Of all of the Arnie films which have been released since The Governator stepped down, Sabotage is by far the most violent. The deaths, of which there are many, are realistic and grim, bloody and remorseless. Bystanders and main characters all meet their doom without fanfare, most of the main crew are unlikable, and you should not expect a happy tale of ending like most of the classics from Arnie’s catalogue. Ayer brings the realism and a well-written script from a dialogue perspective, but the story is uneven, and the characters have essentially no room for growth; these are grunts only good for firing or being filled with bullets.
The film begins with a full-throttle, full-blooded drug heist. Immediately we see that the action movie of today is much more grounded in ‘realism’ than previous decades – the group attacks like a group, using tactics and planning that the writers have pulled from real world scenarios, rather than John Woo or Commando attacks. Our group are part of the DEA, but it transpires that they have plotted to wipe out the bad guys, burn most of the money, and keep $10 million for themselves. However, someone double crosses them and their money is lost, setting the rest of the plot in motion. There is intrigue, mistrust, fragile brotherhood, paranoia, and a lot of bloodshed as the group tries to cover their own tracks while investigating who stole their money – the tension heightened when they begin to get picked off.
As an action film, the movie ticks all the boxes – the gunfights are varied, realistic, and exciting – well-executed and convincing, and with a trilling car chase conclusion. The plot as a whole is fine, offering a number of twists and plenty of funny dialogue. The problem though is that everyone is a jerk, and the films offers little in the way of characterization or attempts at empathy. Arnie’s family are killed – we don’t care. The group are picked off one by one – we don’t care; in fact, the group themselves don’t care. They are presented as a close-knit force which has been through all kinds of hell multiple times, yet when they are killed off in increasingly gruesome ways, none of them seems to mind that they have lost a friend or that they may be next. Each of the characters relies on machismo and violence, but not a lot else, meaning there is little or no distinction between them – one is a woman, one is married to the woman, one has muscles, another has bigger muscles etc etc. It’s a pity, because it wastes what is an otherwise stellar cast. If we got a bit of background on each, or even – Aliens style – a few moments or examples of individuality whether it be a look, a quote, a style of speaking, it would have been a stronger film. The films does try to do this with a collection of haircuts and accents, but it fails as a whole.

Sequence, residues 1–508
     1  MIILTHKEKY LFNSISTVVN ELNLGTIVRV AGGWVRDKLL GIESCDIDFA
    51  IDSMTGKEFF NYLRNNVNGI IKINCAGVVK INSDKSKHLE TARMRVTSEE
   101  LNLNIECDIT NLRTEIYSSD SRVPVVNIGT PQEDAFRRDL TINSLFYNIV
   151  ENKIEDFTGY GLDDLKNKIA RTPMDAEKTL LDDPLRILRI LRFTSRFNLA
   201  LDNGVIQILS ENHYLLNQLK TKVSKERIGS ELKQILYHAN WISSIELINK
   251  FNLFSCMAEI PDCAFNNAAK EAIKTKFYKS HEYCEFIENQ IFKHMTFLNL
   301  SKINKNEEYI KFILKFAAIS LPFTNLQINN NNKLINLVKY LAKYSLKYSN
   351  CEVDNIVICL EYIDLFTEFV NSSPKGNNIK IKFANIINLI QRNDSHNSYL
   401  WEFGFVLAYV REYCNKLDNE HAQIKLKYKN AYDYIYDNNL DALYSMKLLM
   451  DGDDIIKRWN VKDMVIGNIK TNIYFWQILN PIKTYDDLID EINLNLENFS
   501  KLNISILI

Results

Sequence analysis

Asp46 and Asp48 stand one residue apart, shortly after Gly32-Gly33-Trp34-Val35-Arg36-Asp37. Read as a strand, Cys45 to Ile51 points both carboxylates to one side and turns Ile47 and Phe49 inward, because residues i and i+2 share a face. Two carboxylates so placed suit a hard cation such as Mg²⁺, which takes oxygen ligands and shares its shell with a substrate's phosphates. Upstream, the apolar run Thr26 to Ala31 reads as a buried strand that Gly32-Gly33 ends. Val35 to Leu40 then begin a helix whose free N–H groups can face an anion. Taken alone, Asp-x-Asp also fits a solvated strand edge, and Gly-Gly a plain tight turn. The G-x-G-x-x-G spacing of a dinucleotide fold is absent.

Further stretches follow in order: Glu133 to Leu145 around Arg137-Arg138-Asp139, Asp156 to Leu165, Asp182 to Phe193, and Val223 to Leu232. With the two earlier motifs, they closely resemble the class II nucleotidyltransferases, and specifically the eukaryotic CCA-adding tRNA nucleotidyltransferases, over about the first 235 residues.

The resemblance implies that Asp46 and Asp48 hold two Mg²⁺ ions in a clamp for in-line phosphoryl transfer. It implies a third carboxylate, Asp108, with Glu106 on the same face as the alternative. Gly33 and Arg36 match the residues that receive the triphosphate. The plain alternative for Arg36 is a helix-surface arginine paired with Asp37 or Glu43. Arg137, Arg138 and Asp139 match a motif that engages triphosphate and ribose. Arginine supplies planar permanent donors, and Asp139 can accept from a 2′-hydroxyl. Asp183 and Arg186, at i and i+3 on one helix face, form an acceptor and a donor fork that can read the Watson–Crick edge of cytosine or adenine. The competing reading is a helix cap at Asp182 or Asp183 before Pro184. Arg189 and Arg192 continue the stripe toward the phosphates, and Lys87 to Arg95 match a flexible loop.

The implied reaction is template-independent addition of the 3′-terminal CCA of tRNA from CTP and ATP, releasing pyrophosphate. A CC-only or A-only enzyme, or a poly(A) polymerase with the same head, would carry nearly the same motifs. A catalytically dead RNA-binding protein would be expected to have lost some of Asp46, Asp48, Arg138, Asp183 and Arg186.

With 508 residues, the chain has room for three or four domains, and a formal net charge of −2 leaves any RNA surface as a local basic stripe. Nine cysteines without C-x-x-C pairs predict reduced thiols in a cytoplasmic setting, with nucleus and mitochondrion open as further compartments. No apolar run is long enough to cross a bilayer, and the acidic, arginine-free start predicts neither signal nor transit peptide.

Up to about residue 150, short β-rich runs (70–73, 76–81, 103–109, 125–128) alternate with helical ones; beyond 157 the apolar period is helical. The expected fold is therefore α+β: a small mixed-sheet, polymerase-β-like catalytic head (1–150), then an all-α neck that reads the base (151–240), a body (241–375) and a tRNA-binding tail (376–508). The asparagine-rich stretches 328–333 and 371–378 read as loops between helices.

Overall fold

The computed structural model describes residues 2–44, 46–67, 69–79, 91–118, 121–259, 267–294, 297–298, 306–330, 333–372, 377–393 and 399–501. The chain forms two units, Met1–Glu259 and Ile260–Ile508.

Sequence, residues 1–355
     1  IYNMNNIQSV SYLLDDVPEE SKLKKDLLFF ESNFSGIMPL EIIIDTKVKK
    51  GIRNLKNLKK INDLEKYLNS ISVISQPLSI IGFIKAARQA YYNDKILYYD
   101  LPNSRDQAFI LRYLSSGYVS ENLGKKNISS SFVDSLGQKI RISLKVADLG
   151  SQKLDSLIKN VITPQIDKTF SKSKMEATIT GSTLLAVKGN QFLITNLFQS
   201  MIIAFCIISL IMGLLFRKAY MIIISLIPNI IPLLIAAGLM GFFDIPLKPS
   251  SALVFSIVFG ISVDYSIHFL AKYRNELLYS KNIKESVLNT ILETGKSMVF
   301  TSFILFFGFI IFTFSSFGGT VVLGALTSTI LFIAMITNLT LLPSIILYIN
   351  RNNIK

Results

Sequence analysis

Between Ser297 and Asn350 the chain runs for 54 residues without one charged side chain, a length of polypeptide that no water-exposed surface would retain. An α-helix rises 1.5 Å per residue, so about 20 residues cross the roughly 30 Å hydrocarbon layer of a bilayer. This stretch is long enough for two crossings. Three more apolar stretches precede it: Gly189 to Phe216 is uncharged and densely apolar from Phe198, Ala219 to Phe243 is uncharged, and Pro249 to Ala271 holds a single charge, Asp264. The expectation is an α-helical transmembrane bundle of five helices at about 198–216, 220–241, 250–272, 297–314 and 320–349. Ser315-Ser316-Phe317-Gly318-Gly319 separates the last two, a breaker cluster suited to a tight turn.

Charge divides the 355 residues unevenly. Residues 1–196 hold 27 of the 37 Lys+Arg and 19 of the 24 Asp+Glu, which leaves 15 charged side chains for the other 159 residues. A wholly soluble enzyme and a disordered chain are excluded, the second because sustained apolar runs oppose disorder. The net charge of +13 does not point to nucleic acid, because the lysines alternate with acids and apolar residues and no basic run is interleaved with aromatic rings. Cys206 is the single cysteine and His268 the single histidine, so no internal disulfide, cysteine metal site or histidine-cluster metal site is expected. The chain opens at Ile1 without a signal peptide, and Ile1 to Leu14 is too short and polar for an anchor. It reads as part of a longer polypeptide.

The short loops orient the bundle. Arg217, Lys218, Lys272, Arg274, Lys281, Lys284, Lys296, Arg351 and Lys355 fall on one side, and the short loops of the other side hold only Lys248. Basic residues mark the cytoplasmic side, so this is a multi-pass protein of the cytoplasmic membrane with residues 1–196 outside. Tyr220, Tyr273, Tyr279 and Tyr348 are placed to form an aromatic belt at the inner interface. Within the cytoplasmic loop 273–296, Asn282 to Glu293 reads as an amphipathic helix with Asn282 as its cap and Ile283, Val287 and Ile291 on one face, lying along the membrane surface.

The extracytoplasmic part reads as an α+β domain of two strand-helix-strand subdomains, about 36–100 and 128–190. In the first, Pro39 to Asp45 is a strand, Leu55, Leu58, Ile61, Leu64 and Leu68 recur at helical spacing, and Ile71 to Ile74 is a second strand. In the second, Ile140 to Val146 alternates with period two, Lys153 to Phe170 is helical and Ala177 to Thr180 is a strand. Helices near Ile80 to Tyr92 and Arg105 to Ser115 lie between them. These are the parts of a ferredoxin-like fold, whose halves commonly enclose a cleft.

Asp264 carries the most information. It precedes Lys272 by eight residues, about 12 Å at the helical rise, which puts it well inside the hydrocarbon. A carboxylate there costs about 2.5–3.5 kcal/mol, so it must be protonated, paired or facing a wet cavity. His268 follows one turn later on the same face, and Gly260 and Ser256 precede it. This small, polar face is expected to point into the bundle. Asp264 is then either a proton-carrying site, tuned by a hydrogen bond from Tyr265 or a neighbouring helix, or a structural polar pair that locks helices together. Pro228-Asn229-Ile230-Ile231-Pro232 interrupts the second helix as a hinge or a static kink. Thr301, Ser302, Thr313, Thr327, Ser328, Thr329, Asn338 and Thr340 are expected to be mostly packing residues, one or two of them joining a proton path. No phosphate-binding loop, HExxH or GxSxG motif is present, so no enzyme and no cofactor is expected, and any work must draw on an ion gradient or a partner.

The story almost tries to throw too many twists, and too many characters into the mix. I can’t say that it keeps you guessing, because you likely won’t care enough to guess, but I wouldn’t say it is predictable. It’s all about the action and the bloodshed, and it does give an unflinching look at a world most of us would never want to glimpse. It’s great to see Arnie back to doing what he does best, although his finest moments come towards the end of the movie. The rest of the cast, or stunt cast, are exemplary in the set-pieces, as are the special effects. Arnie has a similar gruff persona to his role in End Of Days, but with less charm, while the rest of the cast do well in their roles – they may not be likable, but they’re good at convincing us of that fact. Action movie and Arnie fans should be happy with the movie, but those expecting something more, or those hoping for another Arnie classic, may be disappointed. It’s still a decent entry for Arnie, with stronger action than his final few pre-Governator films, but doesn’t come close to the likes of Predator, Commando, Terminator, or Conan The Barbarian.
Have you seen Sabotage? How do you think it compares to recent action movies and Arnie movies of old? Let us know in the comments!